When the ancient Polynesians invented surfing, they often used a paddle to help them navigate. Fast-forward a few millennia, and Stand-Up Paddleboarding, or SUP, finds itself trendy again. Part of its increasing popularity is that standing upright allows surfers to spot waves more easily and thus catch more of them, multiplying the fun factor. Paddling back to the wave becomes less of a strain as well. The ability to cruise along on flat inland water, surveying the sights, is another advantage. Finally, its a good core workout. If youre sold on the idea, schedule an intro SUP lesson, free with board and paddle rental, and you may find yourself riding the waves like a Polynesian king.More
In the past 30 years, light artists have reimagined an art form that has always had the ability to turn the night sky, or a simple window, into luminescence. Last fall, the Yerba Buena Center for the Arts turned its southern glass wall into a parade of sound-sensing lights, Lightswarm, that changes with the movements of nearby people and things. Future Cities Lab, the San Francisco design company behind Lightswarm, has originated another notable light sculpture. Located by the YBCA's steps at 701 Mission, Murmur Wall will light up in arresting ways as it incorporates local trending search engine results and social media postings. Onlookers can offer their own contributions, which will feed into the Murmur Wall's data stream and light up the sculpture. What's trending in San Francisco? If you're walking by the YBCA, you can see firsthand — at least through light patterns that reflect the city's volatile internet habits.
Murmur Wall debuts Thursday at 6 p.m. and continues through May 31, 2017, at Yerba Buena Center for the Arts, 701 Mission St., S.F. Free; 415-978-2700 or ybca.org. More
The gold is on City Hall's dome -- and the lead is apparently on Ord Street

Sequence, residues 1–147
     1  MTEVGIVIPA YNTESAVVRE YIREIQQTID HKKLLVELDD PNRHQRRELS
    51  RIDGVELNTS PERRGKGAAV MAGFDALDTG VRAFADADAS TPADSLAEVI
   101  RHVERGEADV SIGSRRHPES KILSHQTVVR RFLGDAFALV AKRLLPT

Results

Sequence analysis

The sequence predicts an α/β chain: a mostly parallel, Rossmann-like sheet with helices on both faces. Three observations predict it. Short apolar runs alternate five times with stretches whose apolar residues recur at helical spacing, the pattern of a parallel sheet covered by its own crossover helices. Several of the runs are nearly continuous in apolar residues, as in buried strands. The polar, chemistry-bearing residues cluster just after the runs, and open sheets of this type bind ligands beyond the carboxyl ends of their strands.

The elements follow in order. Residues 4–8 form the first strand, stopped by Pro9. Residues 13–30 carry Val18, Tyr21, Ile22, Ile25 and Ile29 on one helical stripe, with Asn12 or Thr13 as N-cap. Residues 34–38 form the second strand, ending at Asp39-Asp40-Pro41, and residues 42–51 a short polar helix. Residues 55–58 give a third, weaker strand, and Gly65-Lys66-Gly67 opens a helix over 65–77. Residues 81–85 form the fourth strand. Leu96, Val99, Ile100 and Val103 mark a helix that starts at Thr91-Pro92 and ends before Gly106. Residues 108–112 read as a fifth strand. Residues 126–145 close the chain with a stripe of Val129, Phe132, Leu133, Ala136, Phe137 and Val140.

Anyone who sees a red door and feels a compulsion to paint it black should heed the fate of South San Francisco's Fine Custom Painting, Inc. The painting contractor was this week fined $10,000 by the Environmental Protection Agency for commencing on the scraping and re-painting of a multi-family unit at 129-131 Ord in San Francisco without bothering to tell the folks living within that they were, in essence, sand-blasting the vicinity with microscopic flecks of lead-based paint.
Giving families the heads-up isn't just common courtesy: It's the law: Federal reqirements mandate that anyone being compensated to renovate a multi-family unit built prior to 1978 has to inform the occupants about the lead-based paint hazards before the stripping and scraping and painting and whatnot.
Here's why lead is bad for you (and it's ill-advised to pick your teeth with the drawn swords of your little lead Dungeons & Dragons figurines):
Inhaling or ingesting lead paint chips can result in high blood pressure, digestive problems, muscle and joint pain, nerve disorders, memory and concentration problems (does this explain the popularity of Two-And-A-Half Men?), and many problems for your unborn children.
Young folks, meanwhile, tend to absorb more lead than adults, which can lead to lifelong problems with hyperactivity, learning disabilities, and hearing impairment.
Joe Eskenazi was born in San Francisco, raised in the Bay Area, and attended U.C. Berkeley. He never left.
"Your humble narrator" was a staff writer and columnist for SF Weekly from 2007 to 2015.
He resides in the Excelsior with his wife, 4.3 miles from his birthplace and 5,474 from hers.
Sub Pop recording artists 'clipping.' brought their brand of noise-driven experimental hip hop to the closing night of 2016's San Francisco Electronic Music Fest this past Sunday. The packed Brava Theater hosted an initially seated crowd that ended the night jumping and dancing against the front of the stage. The trio performed a set focused on their recently released Sci-Fi Horror concept album, 'Splendor & Misery', then delved into their dancier and more aggressive back catalogue, and recent single 'Wriggle'.
Opening performances included local experimental electronic duo 'Tujurikkuja' and computer music artist 'Madalyn Merkey.'"